where and when needed to all and sundry.
02:37
How does a continent that is home
02:45
to some of the largest
bodies of water in the world --
02:47
the Nile,
02:51
the Niger,
02:53
the Congo,
02:55
the Zambezi
02:56
and the Orange Rivers --
02:58
be said to have a water crisis,
03:00
including in countries
03:03
where those rivers are?
03:05
And that is only surface water.
03:08
While we wrongly dissipate our energies
fighting the wrong crises,
03:11
all those who invest in knowledge about us
03:15
are busy figuring out
how to pipe water from Libya's aquifers
03:17
to quench Europe's thirst.
03:23
Such is our knowledge
of our water resources
03:26
that many of our countries have given up
03:29
on making potable water a routine presence
03:31
in the lives of Africans,
03:34
rich or poor,
03:35
high and low,
03:37
rural and urban.
03:39
We eagerly accept
what the merchants of misery
03:41
and the global African Studies
safari professoriat
03:44
and their aid-addled,
03:48
autonomy-fearing African minions
03:50
in government, universities
and civil society
03:53
tell us regarding how nature
has been to stinting towards Africa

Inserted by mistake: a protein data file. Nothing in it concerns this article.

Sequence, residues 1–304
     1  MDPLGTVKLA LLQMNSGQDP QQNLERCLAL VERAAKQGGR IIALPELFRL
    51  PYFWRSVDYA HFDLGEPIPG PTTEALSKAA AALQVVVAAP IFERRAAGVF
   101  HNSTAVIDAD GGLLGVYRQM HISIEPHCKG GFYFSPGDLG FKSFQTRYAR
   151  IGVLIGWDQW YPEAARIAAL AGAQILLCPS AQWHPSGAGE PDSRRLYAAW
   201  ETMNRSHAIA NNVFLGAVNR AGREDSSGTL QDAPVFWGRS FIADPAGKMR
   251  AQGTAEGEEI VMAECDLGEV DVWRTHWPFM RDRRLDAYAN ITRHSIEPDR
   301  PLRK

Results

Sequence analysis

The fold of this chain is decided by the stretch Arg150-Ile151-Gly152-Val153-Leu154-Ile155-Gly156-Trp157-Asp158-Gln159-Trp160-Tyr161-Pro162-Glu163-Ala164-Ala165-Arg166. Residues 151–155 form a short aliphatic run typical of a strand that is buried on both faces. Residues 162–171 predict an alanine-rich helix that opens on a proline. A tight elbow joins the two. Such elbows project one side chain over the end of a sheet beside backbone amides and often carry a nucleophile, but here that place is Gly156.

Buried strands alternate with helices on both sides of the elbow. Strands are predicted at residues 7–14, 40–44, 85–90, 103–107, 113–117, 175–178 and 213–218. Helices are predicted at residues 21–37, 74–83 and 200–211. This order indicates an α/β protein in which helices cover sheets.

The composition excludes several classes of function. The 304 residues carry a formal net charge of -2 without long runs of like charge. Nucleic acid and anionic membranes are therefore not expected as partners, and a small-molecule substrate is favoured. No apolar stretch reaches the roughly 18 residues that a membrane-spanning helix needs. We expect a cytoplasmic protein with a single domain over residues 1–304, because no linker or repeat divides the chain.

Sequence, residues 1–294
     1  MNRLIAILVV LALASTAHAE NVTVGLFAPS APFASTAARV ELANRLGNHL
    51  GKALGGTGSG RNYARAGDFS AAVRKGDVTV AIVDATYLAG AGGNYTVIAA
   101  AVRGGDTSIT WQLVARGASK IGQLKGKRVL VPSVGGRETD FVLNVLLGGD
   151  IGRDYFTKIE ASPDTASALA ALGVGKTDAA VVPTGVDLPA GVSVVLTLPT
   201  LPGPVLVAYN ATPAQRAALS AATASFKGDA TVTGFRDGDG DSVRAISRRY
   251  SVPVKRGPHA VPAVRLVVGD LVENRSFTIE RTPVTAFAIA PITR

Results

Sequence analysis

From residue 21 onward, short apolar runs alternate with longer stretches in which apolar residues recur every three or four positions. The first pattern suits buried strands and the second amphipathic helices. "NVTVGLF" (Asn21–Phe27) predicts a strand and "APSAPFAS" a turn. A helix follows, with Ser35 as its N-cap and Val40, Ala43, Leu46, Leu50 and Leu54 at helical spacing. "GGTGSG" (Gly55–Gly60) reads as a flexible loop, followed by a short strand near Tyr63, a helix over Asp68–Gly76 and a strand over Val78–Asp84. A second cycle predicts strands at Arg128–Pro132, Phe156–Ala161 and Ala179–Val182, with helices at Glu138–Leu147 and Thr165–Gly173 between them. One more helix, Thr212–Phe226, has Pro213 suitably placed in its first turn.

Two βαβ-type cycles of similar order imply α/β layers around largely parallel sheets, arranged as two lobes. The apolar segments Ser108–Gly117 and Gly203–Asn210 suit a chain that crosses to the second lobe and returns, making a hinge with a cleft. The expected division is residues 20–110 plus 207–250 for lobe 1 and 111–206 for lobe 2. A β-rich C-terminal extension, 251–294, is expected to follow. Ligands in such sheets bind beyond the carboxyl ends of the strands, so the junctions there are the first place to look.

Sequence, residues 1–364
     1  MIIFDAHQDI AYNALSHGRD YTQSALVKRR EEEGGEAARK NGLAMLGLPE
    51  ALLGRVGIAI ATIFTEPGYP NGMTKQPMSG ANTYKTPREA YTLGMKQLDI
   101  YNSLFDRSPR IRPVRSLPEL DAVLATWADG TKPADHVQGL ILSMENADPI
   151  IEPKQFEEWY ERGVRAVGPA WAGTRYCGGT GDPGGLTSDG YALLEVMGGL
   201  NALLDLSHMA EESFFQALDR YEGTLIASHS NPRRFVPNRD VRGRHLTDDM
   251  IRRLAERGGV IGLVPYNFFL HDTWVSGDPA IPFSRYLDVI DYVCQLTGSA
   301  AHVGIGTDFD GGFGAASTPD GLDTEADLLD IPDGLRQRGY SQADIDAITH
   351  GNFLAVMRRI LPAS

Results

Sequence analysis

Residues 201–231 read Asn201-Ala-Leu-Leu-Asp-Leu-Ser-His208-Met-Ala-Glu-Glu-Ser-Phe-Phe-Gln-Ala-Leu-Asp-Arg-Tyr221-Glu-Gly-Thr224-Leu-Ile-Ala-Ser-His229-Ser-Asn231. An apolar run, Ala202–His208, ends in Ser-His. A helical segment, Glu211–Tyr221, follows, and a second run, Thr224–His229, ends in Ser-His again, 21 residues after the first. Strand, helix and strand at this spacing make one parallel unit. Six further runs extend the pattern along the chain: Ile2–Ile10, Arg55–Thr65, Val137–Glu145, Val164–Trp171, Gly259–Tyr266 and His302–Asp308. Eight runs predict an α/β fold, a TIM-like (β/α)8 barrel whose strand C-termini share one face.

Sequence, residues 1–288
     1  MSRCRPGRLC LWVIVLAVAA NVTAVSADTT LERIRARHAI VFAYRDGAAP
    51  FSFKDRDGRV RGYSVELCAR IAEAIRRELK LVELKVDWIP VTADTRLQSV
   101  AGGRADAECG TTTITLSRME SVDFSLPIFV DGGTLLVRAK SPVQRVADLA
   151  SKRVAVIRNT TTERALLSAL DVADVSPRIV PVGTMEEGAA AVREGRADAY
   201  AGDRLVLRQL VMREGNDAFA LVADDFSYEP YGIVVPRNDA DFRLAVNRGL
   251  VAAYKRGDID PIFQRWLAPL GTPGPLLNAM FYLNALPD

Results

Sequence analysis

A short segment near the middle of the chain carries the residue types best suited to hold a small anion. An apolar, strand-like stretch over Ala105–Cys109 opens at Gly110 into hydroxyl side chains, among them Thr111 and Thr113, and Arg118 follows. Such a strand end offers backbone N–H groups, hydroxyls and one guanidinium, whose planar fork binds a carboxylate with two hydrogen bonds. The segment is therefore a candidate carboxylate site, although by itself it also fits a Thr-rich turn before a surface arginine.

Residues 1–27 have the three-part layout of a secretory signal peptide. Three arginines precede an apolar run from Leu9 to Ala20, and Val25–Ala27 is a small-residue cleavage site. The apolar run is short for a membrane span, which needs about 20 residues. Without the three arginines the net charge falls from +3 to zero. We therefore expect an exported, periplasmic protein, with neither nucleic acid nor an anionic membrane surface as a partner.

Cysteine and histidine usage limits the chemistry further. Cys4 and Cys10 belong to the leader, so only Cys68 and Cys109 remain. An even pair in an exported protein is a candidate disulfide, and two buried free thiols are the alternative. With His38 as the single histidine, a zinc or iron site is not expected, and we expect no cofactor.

03:56
when it comes to the distribution
of water resources in the world.
04:00
We are content to run our cities
and rural dwellings alike
04:04
on boreholes.
04:08
How does one run metropolises
on boreholes and wells?
04:12
Does Africa have a food crisis?
04:19
Again, the answer is no.
04:21
It is yet another knowledge crisis
regarding Africa's agricultural resources,
04:25
what and where they are,
04:30
and how they can be best managed
to make Africans live more lives
04:32
that are worth living.
04:37
Otherwise, how does one explain the fact
04:39
that geography puts the source
of the River Nile in Ethiopia,
04:42
and its people cannot
have water for their lives?
04:46
And the same geography
puts California in the desert,
04:50
but it is a breadbasket.
04:54
The difference, obviously,
is not geography.
04:57
It is knowledge.
05:01
Colorado's aquifers
05:03
grow California's pistachios.
05:05
Why can't Libya's aquifers
05:08
grow sorghum in northern Nigeria?
05:11
Why does Nigeria not aspire
05:14
to feed the world,
05:17
not just itself?
05:19
If Africa's land is so poor,
as we are often told,
05:21
why are outsiders,
05:25
from the United Arab Emirates
all the way to South Korea,
05:27
buying up vast acreages of our land,
05:32
to grow food, no less,
05:35
to feed their people
05:37
in lands that are truly more
geographically stinting?
05:39
The new landowners are not planning
to import new topsoil
05:43
to make their African
acquisitions more arable.
05:47
Again, a singular instance
of knowledge deficiency.
05:50
In the 19th century,
05:56
our predecessors,
05:59
just years removed from the ravages
of slavery and the slave trade,